By Emilio Ruiz, Miralles
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Quelle est notre belief de l’engagement spirituel? Sommes-nous prêts à tout donner pour vivre cette paix et cette liberté intérieures? N’y a-t-il pas une seule vérité et une multitude d’interprétations possibles? Avec verve, Lee Lozowick tente de nous sortir de notre torpeur, de notre petit confort égocentrique de chercheurs spirituels.
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Additional info for A la recherche de la licorne, tome 3 : Finis Africae
In his essay on the postmodern theoretical turn in Célinian studies, Philip Watts echoes Loselle's concerns with respect to the hypervaluation of the aesthetic dimension of Céline's postwar novels. " In demonstrating, for instance, that Céline's radically decentered subjectivity subverts post-Enlightenment rationalities and telelogies, Kristeva shuffles consideration of his "provocatively bad and irresponsible politics" off to the theoretical side, an analytical maneuver similar to that used by Sollers (1986), Godard (1985), and Llambias Page 9 1986).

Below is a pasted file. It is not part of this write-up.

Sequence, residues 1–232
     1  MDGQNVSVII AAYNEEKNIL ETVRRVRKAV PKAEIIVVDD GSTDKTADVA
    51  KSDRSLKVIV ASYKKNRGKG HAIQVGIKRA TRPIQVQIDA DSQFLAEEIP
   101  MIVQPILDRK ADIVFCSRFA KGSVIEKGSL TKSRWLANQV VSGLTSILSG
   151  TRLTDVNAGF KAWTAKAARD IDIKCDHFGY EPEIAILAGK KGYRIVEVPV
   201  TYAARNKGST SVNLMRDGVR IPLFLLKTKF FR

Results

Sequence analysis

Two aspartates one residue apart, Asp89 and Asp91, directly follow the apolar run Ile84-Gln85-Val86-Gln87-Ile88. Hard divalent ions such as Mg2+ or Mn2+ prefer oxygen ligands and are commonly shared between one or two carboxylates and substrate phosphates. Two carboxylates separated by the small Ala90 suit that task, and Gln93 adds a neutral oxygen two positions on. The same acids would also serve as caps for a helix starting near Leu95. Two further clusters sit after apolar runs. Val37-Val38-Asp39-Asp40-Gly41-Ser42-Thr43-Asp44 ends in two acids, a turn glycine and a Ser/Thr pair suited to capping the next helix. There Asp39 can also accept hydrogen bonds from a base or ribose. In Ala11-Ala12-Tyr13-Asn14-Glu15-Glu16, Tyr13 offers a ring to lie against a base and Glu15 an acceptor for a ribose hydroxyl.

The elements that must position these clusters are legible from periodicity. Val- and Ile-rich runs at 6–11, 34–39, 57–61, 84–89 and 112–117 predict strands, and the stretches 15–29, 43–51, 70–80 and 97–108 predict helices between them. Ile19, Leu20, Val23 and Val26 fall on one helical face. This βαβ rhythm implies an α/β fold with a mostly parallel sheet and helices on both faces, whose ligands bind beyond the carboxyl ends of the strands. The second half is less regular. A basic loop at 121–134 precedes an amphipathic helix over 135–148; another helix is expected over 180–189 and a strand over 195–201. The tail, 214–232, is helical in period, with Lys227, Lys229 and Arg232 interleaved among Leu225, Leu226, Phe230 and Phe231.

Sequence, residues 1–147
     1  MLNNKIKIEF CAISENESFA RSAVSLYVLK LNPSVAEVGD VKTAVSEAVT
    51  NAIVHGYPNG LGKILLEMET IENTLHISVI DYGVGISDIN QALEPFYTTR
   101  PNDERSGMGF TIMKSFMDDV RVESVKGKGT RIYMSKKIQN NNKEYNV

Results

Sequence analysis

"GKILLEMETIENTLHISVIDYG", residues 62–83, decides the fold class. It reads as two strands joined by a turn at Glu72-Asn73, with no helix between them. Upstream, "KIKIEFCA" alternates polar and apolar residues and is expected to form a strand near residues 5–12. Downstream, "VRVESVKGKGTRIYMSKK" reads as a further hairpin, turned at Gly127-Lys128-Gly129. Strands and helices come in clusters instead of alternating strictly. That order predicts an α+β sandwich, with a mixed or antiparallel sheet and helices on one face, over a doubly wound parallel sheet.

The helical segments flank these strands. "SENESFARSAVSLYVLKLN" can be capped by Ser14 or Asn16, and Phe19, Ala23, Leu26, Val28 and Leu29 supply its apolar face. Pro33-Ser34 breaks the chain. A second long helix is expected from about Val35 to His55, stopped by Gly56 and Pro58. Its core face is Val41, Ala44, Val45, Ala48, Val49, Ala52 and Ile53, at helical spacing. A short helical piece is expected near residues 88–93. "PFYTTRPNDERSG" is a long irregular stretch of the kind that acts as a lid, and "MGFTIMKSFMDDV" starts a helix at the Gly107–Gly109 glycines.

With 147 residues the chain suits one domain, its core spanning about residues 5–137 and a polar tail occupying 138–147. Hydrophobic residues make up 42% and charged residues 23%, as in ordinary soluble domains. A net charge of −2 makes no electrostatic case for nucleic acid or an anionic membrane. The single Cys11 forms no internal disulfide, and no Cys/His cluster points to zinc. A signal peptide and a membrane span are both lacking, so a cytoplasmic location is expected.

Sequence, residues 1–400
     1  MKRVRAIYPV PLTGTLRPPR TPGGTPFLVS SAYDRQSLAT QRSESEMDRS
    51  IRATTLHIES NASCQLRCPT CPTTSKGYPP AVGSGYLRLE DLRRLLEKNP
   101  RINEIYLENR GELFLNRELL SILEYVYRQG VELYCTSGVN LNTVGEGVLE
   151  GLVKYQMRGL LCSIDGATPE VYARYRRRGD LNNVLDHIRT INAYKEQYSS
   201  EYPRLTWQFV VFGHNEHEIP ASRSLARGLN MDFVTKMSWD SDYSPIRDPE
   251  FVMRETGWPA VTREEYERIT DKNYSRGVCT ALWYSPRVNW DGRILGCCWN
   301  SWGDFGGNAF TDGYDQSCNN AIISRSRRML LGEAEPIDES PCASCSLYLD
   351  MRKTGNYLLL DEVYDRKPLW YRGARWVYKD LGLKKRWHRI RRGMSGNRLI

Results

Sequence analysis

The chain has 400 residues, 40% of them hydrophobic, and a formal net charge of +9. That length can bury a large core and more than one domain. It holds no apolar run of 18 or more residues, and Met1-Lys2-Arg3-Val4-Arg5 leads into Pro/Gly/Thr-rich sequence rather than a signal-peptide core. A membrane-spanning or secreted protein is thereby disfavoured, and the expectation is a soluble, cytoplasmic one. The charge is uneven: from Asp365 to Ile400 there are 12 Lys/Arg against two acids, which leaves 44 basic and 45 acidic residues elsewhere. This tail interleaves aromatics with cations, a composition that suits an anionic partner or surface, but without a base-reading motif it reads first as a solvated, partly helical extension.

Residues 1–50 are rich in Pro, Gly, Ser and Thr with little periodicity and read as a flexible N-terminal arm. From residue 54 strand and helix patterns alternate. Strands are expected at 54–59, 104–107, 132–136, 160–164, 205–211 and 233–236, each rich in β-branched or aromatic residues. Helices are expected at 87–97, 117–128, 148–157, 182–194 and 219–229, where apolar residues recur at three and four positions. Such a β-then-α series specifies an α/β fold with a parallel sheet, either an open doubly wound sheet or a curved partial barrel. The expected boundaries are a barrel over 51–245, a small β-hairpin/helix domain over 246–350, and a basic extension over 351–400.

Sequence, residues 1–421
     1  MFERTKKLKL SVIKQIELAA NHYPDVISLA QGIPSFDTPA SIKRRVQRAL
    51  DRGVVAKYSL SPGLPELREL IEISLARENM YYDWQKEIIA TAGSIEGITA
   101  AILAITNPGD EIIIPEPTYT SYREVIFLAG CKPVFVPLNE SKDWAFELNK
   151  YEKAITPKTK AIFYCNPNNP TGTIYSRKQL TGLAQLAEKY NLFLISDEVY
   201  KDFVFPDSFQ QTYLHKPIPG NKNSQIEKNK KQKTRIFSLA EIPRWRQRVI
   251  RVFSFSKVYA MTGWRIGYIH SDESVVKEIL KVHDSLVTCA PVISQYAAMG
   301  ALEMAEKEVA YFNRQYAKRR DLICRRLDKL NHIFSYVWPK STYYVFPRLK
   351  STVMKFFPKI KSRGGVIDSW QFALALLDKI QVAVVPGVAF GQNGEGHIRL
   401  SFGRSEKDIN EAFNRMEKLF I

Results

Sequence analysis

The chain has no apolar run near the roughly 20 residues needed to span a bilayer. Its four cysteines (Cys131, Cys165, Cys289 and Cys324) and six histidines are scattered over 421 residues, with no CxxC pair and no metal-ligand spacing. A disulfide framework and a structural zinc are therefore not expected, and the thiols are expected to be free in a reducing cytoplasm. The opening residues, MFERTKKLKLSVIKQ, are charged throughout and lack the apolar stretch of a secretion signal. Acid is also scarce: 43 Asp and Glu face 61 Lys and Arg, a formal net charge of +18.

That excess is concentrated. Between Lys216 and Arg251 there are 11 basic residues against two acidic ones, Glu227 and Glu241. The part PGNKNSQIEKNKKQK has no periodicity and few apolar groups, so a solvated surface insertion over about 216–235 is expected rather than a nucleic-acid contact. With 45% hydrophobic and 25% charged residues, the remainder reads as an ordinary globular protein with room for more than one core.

Set in a German prisoner of war camp during World War I, La Grande Illusion imagines a world in which a constellation of differing identities speak across and begin to bridge the divides of class, race, ethnicity, and nationality that engender internal social strife and promote the most colossal form of human destruction: modern nationalist war. As he does throughout Bagatelles, Céline endeavors in his suspicion-laden attack on Renoir's compelling plea for social harmony, empathy, and tolerance to disperse the war clouds gathering over Europe in the late 1930s by deliberately fueling the xenophobic and sociopolitical hostilities that flared throughout French society in the final crisis years of the Third Republic.
Rather than couching his prejudice in insidiously naturalized forms that occult their essential violence, Céline swaggers in his misogyny and white supremacy, rendering his exclusionary utterances unrecognizable to a dominant culture averse to such unseemly expression of verbal and political rage. Yet, perceptive readers of his texts will observe that Céline's surly, often outrageous discourses on human difference mirror the hierarchies of value and relations of dominance, that have historically structured Western patriarchy and ideologically underwritten its acquisitive adventurism abroad.